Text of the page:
Pressure Cooker5 mins 505 5 mins 505
Globally, husbands have always been a frustrated lot. There could be many reasons for this, but one of the major reasons is that they are all married and have wives. Now, this is not an outpouring of a frustrated husband against women and wives. This is a bitter truth.
My father (God bless his soul), was one such husband. While he was admired and respected by all outside his domestic life, within the walls of his house, he was a mere husband. My mother (God bless her with good health), though an intelligent lady and hard working (all wives are), was never happy with my father. She loathed his indifferent and indolent attitude and made no bones to express her views about him. We were children then and not mature enough to understand the dynamics between the husband and wife. We pitied our father (after becoming a husband myself, I admired his equanimity in the face of dire challenges).
The main grouse my mother had against her husband was that he was lazy, did nothing at home, could not even make a cup of tea for himself, and wasted time reading newspapers and magazines. I know many of the married male readers will be smiling and saying “this fits my description”. My mother, like all wives, had a magic mirror which my father dreaded. When she turned this mirror on him he could somehow see only a monster instead of a true image of himself. My mother would ruthlessly keep the mirror to his face even as he squirmed and struggled to escape.
One day, my mother had gone out to purchase vegetables from the market which was a two-mile walk. I was playing out glad that there was none to call me back into the house. My elder sister too was not home. Only the twins were at home with their father. They were under five years of age then.
As it was getting late, my father somehow felt inspired to help a tired wife decided to cook food for the family. He must have felt proud of himself for taking the decision as this would definitely go a long way to redeem his image.
He went into the kitchen with a spring in steps and a prayer on his lips. He searched around and found the pressure cooker. After further search, he could locate rice. He measured the right quantity of rice and put it in the cooker. It was then that doubt crept into his mind. What was the next step? He knew of course, but to be doubly sure, he decided to take expert advice.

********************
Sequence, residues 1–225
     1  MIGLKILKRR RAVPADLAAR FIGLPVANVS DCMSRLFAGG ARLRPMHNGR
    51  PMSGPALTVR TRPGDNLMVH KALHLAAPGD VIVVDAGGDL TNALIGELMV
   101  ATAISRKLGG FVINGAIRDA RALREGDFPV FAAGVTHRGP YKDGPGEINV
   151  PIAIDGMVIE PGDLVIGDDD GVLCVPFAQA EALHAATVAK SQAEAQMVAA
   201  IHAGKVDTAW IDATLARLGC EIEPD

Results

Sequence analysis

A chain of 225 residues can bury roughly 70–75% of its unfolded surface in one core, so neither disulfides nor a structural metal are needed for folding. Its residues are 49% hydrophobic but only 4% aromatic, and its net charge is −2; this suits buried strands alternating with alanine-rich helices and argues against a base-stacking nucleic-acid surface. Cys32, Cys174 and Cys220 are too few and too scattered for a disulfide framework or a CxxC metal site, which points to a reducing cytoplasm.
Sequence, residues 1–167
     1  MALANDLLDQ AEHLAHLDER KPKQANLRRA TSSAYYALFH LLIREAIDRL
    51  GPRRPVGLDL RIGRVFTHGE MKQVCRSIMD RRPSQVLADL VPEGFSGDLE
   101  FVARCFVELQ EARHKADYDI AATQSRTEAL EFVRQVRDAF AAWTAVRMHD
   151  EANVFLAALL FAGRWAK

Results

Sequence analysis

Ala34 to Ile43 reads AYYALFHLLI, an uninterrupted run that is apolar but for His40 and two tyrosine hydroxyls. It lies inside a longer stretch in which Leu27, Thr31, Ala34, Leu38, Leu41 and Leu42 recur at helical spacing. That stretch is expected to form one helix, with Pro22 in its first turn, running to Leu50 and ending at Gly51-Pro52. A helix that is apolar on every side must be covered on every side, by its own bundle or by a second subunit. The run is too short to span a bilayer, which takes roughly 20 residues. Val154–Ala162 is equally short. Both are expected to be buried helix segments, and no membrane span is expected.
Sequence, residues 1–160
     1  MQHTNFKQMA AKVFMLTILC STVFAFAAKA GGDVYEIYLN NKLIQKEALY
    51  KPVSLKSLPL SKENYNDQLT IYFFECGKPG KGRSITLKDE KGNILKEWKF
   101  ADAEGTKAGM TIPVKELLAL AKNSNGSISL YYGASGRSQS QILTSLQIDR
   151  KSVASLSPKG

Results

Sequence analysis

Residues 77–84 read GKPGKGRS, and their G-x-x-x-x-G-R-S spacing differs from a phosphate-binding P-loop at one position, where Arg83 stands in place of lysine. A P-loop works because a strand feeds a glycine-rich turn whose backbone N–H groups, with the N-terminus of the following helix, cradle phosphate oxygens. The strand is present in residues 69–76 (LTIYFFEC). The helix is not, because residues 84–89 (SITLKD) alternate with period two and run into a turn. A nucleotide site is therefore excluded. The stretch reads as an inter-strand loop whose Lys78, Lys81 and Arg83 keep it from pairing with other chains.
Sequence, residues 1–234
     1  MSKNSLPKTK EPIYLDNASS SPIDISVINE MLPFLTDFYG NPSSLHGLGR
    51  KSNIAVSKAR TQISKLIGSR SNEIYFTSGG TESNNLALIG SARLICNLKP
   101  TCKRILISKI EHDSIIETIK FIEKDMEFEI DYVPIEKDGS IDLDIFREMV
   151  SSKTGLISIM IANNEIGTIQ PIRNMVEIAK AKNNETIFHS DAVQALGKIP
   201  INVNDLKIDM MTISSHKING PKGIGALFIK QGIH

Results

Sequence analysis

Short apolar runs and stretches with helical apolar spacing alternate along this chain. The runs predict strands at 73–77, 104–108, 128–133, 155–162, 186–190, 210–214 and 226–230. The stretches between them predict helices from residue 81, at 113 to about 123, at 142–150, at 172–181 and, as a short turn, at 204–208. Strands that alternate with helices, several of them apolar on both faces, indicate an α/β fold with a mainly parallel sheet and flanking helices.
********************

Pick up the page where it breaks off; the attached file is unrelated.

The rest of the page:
My little sister was probably asleep and my kid brother was the only person who could help my father.
“Kanna (a fond way of talking to kids), do you know how to cook rice in the cooker?”
“Of course Appa. I have seen Amma do it so many times!”
“Come here and tell me how your Amma does it.”
My kid brother must have been thrilled for it was the first time that an elder wanted his help.
“How much rice have you put Appa?”
“Two tumblers, why, is it too little?”
“ No Appa, that is good. Now, just close the pressure cooker lid like this and put the weight here, like this. Easy na Appa?”
“That’s it? Nothing else?”
“No Appa. You have to put it on the gas. Here is the matchbox. Just light the stove and put the cooker on it. It should be done in ten minutes.”
“So simple? I should have learnt this before.”
My father returned to his newspaper waiting for the rice to be cooked and the cooker whistle to blow. Before ten minutes there was a loud blast, and an explosion like a bomb had gone off somewhere.
I could hear it from outside and rushed towards my house. My sister had already returned. My little sister who was sleeping had woken up in alarm. When I reached, my father and the kids were standing outside, alarm and fear written all over their faces. My father was scolding my brother blaming the blast on him.
As if on cue, my mother returned to find a crowd in front of our house. She hurried into the kitchen to find the lid of the cooker blown off and a mess all around.
“What did you do?” She asked my elder sister.
“Who, me? No, Appa was cooking.”
“Appa? Cooking? What were you cooking?”
“Rice.” My father was bracing himself.
“Rice? What happened to the cooker?”
“I did everything right. Ask Kasturi. Kanna, tell her.”
“Yes, Amma. I told Appa how you cook rice. But something must be wrong with the cooker.”
“Did you put water in the cooker?”
“Water? Kanna, you did not tell me about water.”
After that fateful explosion, I have never again seen my father in the kitchen. I don’t blame him. In fact, my own experiences have been far worse! But that’s another story or stories?